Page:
January 24, 2014
|Co-Investigators on the SEIGMA project Rachel Volberg (left) and Edward Stanek (right).|
The Social and Economic Impact of Gambling in Massachusetts (SEIGMA) research team at UMass Amherst recently collaborated with the Massachusetts Gaming Commission (MGC) on their first annual report to the state legislature. The report, detailing the background of the project, research plan, progress to date, and future timeline, was approved by the MGC on December 3rd and submitted to the legislature on December 18th.
This first annual report offers a detailed summary of the SEIGMA team’s plans for researching impacts in three different areas: social and health impacts; economic and fiscal impacts; and problem gambling services. It also includes a summary of the progress the team has made so far to fulfill the MGC’s research agenda. Thus far, the MGC and the SEIGMA team have made significant progress in laying the groundwork for the wide scope of the research agenda. They have developed, pre-tested, and launched a general population survey and online panel, which was approved by the UMass Amherst Institutional Review Board. They have also created a detailed list of the range of measures that will be collected, tracked, monitored and presented over the course of the project. Throughout this process, they have collaborated and established agreements with agencies across the state, including the Massachusetts Council on Problem Gambling and the Massachusetts Department of Health and Human Services.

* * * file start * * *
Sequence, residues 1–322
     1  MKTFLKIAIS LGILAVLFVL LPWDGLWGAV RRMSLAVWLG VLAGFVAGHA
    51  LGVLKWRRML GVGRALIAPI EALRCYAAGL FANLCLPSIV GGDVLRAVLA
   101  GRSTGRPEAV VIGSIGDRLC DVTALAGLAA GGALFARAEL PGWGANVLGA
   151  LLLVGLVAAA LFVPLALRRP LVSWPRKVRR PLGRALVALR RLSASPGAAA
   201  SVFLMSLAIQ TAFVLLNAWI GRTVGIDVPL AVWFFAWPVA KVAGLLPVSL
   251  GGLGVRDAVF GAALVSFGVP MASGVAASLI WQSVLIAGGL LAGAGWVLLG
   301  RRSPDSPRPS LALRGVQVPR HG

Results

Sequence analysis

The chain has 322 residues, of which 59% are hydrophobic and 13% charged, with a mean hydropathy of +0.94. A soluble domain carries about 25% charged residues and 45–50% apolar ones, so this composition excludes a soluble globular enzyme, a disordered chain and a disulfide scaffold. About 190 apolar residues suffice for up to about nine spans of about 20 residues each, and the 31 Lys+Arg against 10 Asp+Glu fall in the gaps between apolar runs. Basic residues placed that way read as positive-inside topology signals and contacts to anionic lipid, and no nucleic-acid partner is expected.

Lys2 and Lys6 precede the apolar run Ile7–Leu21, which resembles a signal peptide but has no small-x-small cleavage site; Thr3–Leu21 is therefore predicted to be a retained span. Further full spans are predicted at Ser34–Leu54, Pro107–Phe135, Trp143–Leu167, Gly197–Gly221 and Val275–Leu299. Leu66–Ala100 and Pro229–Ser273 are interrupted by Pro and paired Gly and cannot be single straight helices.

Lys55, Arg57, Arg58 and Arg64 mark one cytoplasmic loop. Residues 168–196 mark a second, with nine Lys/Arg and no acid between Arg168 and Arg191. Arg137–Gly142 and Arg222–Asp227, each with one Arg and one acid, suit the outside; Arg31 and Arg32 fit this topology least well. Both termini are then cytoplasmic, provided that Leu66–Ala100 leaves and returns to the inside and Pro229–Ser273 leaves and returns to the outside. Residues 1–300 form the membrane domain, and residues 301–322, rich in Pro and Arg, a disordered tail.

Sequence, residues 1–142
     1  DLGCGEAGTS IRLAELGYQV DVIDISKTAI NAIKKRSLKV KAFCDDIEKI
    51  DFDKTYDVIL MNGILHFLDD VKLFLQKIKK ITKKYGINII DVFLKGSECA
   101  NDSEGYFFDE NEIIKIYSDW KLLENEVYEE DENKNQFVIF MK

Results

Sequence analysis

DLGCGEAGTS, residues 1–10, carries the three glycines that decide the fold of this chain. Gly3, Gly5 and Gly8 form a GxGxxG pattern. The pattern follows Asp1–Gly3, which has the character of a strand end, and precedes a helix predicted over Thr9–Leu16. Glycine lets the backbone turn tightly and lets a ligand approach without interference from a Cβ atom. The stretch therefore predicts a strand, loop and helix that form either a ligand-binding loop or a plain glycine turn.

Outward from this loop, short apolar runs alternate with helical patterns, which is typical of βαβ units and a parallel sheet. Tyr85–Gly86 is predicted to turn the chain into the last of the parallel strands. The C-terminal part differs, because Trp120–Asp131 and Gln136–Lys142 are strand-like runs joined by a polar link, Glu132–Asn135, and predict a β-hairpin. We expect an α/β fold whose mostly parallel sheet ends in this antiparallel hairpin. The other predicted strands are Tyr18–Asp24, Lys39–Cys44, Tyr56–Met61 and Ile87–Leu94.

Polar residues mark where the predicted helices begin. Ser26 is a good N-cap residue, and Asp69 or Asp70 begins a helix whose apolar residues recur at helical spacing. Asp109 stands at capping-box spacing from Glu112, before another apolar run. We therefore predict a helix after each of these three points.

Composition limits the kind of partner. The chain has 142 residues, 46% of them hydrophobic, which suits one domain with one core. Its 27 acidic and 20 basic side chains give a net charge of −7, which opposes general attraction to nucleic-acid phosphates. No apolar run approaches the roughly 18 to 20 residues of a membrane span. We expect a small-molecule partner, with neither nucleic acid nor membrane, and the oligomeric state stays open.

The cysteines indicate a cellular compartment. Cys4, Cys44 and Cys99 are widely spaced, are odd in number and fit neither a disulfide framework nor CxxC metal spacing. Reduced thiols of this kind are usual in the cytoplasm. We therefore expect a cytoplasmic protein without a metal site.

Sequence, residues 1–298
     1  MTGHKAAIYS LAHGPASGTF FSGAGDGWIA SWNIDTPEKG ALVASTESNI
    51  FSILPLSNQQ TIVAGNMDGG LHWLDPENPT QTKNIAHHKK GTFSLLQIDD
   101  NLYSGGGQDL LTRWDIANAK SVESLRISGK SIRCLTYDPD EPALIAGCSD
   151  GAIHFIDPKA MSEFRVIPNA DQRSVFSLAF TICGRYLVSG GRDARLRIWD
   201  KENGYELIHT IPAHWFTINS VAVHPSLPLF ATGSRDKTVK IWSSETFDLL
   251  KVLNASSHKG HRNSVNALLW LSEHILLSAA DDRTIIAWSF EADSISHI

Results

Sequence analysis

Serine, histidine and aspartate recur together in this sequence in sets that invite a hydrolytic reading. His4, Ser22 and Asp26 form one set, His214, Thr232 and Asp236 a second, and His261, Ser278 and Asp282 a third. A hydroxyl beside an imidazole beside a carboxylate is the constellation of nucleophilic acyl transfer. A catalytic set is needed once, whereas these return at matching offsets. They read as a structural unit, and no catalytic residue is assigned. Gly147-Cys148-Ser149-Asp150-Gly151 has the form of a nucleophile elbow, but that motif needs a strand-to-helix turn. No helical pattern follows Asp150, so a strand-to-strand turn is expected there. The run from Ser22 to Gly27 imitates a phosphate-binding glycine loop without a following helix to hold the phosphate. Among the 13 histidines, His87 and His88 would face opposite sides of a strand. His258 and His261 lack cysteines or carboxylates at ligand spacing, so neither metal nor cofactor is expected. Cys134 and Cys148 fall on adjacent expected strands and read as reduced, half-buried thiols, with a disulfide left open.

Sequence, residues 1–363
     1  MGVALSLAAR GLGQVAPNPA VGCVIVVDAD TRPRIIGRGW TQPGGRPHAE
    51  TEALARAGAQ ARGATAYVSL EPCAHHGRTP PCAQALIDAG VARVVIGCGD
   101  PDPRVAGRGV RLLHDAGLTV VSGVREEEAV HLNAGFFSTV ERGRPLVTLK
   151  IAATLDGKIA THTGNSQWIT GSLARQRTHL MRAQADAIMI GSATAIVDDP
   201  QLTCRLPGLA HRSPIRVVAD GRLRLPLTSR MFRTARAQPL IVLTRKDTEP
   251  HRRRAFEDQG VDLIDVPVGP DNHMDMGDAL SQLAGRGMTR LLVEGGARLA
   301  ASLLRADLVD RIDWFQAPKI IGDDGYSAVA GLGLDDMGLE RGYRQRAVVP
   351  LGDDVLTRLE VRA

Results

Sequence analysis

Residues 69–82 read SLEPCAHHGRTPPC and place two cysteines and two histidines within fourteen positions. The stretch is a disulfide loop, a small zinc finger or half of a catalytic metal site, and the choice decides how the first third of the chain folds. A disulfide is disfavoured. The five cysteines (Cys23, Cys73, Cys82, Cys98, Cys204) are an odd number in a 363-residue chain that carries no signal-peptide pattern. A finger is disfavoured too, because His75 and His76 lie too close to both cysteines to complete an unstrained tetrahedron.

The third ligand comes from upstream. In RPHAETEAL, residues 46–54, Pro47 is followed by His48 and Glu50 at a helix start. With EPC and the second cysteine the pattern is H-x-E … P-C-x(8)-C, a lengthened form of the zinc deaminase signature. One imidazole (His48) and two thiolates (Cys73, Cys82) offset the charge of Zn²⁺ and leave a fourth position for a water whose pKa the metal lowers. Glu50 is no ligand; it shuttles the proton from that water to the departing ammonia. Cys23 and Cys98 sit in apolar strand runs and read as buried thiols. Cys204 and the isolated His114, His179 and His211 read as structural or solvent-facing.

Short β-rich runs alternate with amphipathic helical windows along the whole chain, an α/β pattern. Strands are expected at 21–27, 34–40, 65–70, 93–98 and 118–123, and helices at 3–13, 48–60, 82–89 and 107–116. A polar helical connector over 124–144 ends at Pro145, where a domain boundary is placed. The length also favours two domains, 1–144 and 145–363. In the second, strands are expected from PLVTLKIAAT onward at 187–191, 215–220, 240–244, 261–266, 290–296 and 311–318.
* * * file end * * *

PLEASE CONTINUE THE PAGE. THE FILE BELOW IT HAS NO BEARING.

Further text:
“The research currently being undertaken by SEIGMA is a significant step toward understanding negative or unintended impacts so we can strategically work toward mitigating them," says Mark Vander Linden, Director of Research and Problem Gambling at the MGC.
The findings from this project will be used in informing how funds from the Public Health Trust Fund and Community Mitigation Funds are expended. Both funds will be used to improve problem gambling services and advance the overall quality, effectiveness, and efficacy of prevention and treatment of gambling disorders. The study will all provide all Massachusetts stakeholders with data for strategic analysis and decision-making. A copy of the full report as well as an Executive Summary can be found here.
The SEIGMA project began in April 2013, when the MGC engaged a team based in the School of Public Health and Health Sciences (SPHHS) to undertake a comprehensive research project on the economic and social impacts of casino gambling in Massachusetts. The SEIGMA project is crucial to the MGC’s legal requirement to establish a yearly research agenda and make scientifically-based recommendations to the Massachusetts legislature.